First Drug for Psychosis Linked to Parkinson’s disease Approved in the U.S.

Published By : 02 May 2016 | Published By : QYRESEARCH

Acadia Pharmaceuticals Inc’s medicine Nuplazid has become the first drug to have been approved in the United States for treatment of psychosis linked to Parkinson's disease.

However, the compnay has been asked by the U.S. Food and Drugs Association (U.S. FDA) to a black box warning, which is considered to be the strictest FDA warning for medicines, on the medicine’s label indicating an increased risk of death associated with the use of the drug in older people.

However, analysts state that the warning will have only a limited impact on the sales of the drug as most antipsychotics come with similar warnings.

The drug is expected to be priced at US$13,500 per patient for a span of a year and reach a valuation of more than US$1 bn in sales by the year 2021.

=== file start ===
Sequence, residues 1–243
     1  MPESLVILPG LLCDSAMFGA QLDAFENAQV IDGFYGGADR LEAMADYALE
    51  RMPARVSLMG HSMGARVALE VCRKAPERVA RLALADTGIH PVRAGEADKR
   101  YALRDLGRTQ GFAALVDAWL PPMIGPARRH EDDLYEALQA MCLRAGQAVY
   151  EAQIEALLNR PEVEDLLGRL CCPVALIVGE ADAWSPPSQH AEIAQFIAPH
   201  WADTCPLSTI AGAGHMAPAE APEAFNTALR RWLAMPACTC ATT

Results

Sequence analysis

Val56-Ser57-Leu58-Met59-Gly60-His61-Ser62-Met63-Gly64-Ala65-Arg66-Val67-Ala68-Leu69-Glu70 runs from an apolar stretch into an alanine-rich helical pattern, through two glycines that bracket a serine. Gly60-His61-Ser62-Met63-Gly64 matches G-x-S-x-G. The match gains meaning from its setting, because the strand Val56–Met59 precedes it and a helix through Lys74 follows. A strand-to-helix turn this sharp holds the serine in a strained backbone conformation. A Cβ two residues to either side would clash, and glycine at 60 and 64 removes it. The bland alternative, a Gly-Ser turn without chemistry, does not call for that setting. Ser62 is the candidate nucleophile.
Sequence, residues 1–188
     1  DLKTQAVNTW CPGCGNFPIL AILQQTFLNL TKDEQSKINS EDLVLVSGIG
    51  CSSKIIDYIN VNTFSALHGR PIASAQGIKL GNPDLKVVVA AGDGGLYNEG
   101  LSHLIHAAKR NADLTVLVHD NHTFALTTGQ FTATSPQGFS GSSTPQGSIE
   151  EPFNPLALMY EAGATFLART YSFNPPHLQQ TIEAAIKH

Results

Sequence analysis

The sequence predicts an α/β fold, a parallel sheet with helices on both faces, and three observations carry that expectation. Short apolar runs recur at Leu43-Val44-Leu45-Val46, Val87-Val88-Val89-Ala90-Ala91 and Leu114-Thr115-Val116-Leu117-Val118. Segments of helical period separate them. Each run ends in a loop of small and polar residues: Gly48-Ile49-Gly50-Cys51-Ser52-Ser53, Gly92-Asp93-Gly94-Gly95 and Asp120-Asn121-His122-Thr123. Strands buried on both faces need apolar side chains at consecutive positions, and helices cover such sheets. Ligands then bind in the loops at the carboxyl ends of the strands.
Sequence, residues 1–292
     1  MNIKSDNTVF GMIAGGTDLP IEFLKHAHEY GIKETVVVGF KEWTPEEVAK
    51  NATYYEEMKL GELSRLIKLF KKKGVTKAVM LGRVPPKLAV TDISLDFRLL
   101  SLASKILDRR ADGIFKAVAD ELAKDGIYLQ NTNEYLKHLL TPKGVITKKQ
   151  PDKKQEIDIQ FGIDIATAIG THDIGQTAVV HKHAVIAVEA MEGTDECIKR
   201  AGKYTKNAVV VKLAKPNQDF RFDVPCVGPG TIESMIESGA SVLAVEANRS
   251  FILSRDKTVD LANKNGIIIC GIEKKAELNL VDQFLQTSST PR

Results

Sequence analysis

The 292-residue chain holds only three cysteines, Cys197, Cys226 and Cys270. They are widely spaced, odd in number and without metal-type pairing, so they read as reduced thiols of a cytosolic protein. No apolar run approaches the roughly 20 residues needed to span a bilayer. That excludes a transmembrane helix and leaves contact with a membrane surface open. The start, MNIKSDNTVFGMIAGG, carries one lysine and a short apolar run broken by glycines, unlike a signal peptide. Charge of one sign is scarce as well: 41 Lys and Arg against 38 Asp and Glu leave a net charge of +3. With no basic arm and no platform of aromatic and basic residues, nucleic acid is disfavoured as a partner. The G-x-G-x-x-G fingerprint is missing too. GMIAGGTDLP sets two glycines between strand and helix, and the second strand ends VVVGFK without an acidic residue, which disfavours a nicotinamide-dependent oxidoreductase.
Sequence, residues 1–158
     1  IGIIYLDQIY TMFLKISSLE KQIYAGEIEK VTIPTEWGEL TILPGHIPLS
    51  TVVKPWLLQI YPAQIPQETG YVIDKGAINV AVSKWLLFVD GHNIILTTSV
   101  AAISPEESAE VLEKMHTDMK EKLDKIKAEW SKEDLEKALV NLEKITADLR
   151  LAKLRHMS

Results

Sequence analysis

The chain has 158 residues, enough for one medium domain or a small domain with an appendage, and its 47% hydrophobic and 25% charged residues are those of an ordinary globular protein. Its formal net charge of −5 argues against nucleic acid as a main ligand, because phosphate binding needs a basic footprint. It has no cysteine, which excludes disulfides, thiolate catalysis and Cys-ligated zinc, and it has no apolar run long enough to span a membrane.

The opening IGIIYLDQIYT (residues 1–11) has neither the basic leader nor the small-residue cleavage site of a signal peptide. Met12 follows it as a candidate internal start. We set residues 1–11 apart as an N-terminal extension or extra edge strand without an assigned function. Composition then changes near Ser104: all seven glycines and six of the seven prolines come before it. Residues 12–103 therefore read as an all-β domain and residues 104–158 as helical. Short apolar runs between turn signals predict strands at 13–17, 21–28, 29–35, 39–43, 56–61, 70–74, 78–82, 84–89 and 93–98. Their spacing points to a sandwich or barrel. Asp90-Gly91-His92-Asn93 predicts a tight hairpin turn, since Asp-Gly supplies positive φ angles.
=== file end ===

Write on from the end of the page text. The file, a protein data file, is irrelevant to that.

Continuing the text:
So far, psychosis linked to Parkinson's disease was treated with antipsyhotic drugs such as olanzapine, risperidone, quetiapine, and clozapine. These drugs operate by targeting the overproduction of dopamine, are known to be less effective, and are associated with side effects such as anxiety, agitation, and depression.

On the other hand, Nuplazid is considered a safer option by analysts as it does not affect the production of dopamine and rather targets the 5HT2A receptor, which is linked to neuropsychiatric disturbances.

Nearly 40% of patients suffering from Parkinson’s disease experience psychosis, which is often characterized by delusions and hallucinations.

Given the safety risks of cheaper off-label drugs, insurers are less likely to ask patients to stick to them instead of the expensive option of Nuplazid (one of the most expensive antipsychotics in the market currently). 

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